“Remember, we are not fighting for the freedom of the Negro alone, but for the freedom of the human spirit, a larger freedom that encompasses all mankind.” – Ella Baker
Ella J. Baker is one of the unsung heroines of the American Civil Rights Movement. Lesser than known than male counterparts like Dr. Martin Luther King, Jr., Baker worked for and/or helped found many of the many civil rights organizations we know of today during the her five-decades long career.
Baker grew up up in Virginia and North Carolina, listening to stories of slave revolts from her grandparents. After graduating from Shaw University as class valedictorian, she became active in social activism, first working for the Young Negroes Cooperative League before obtaining a position at the NAACP as a field secretary. In this role, she organized boycotts, raised money, registered voters, and traveled through the South, building a network of black churches and smaller activist organizations.
In 1957, she was part of the team of activists who helped form the Southern Christian Leadership Conference (SCLC) and build on the momentum created by the Montgomery Bus Boycott. Though Baker was integral to the operations of the SCLC, she was never given the title of permanent director, largely because the organization preferred to have male ministers in that role. Baker did serve as interim director from 1958 to 1960.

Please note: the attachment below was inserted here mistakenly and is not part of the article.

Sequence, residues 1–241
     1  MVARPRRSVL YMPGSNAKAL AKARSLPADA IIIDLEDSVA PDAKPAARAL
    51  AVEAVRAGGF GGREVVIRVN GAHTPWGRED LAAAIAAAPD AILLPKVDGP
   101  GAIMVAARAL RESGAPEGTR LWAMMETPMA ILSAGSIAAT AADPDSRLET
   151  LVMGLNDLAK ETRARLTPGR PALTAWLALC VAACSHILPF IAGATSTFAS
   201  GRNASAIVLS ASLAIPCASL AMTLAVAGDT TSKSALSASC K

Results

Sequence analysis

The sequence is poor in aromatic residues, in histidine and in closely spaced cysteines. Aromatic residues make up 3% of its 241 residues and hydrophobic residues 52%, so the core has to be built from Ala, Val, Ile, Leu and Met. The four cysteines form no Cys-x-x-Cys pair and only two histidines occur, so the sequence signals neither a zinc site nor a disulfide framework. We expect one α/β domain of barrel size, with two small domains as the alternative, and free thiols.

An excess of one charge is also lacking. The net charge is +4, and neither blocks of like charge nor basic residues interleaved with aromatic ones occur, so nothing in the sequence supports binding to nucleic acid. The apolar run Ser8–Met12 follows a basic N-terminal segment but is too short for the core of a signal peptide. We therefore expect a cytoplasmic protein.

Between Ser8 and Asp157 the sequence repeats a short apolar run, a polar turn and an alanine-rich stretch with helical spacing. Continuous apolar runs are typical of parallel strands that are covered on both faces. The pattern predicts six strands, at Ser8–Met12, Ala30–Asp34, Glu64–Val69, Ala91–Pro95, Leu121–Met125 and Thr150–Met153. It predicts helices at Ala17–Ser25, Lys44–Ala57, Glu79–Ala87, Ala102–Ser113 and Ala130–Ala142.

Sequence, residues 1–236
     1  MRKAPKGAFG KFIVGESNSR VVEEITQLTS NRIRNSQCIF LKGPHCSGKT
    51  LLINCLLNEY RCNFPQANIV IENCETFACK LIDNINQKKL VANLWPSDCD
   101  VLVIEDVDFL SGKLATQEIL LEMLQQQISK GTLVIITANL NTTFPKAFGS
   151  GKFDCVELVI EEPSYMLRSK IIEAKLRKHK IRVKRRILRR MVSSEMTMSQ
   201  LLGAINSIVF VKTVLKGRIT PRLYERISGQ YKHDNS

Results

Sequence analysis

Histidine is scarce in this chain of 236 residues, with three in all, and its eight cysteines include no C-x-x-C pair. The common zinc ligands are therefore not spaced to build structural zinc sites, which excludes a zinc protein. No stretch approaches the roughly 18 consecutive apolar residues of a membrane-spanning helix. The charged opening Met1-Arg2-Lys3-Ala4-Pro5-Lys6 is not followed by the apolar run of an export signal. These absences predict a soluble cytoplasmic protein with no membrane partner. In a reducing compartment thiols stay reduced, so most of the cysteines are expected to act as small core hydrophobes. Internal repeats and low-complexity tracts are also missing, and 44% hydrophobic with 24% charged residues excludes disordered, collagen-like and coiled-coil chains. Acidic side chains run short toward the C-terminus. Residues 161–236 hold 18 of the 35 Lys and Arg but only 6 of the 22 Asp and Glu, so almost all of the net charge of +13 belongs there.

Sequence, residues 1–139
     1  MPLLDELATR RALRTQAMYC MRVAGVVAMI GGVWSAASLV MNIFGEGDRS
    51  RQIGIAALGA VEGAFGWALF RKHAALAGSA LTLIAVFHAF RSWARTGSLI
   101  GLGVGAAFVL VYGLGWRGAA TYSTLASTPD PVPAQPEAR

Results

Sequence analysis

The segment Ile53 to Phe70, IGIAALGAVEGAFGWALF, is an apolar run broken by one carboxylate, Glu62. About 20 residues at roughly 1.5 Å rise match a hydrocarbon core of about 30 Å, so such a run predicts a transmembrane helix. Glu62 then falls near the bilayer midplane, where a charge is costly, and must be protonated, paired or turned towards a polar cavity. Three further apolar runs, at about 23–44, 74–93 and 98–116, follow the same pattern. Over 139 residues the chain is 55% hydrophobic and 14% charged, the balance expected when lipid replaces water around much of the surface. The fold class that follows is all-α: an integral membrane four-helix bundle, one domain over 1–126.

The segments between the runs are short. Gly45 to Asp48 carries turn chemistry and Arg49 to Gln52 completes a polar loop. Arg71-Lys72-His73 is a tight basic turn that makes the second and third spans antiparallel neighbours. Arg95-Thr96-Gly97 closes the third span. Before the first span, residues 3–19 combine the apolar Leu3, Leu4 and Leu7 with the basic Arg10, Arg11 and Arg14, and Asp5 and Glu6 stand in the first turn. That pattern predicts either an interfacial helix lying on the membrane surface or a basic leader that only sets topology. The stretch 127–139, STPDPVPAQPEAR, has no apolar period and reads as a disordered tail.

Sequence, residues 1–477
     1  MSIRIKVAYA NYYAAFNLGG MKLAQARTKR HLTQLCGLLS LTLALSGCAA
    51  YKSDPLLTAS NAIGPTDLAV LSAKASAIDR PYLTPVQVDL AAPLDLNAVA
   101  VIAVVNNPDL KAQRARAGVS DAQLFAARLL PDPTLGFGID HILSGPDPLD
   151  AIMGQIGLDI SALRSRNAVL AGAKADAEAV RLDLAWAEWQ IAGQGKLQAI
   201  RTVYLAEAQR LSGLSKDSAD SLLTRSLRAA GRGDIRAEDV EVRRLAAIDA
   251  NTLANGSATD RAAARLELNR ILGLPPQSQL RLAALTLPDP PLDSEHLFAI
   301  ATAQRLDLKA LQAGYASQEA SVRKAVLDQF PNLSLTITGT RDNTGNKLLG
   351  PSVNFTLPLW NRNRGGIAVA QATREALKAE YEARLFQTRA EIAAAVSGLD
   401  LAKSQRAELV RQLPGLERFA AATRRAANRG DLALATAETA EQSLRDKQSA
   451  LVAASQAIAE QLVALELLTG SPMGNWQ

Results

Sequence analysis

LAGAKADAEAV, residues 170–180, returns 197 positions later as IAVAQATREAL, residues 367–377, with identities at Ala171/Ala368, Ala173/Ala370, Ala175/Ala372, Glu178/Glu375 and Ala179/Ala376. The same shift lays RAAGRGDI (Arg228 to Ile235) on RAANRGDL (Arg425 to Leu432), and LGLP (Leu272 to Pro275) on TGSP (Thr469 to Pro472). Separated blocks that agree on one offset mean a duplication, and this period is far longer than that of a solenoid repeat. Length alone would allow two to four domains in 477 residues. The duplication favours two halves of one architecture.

In 1960, Baker witnessed the courage of four North Carolina A&T students sitting in at a Woolworth’s lunch counter in Greensboro, NC and felt compelled to focus her activism on working with young people. She left the SCLC and, with the students, helped found Student Nonviolent Coordinating Committee (SNCC). Under her guidance, SNCC focused on promoting civil rights through nonviolent direct action and voter registration. Her guidance to the young people of SNCC had such a profound impact that she was nicknamed “Fundi” – a Swahili word that, loosely translated, means “mentor to new generations.”
In later years, Baker lent her voice and experience to broader progressive causes including the Puerto Rican independence movement, the anti-apartheid movement for South Africa, and women’s poverty in developing countries. She died in 1986.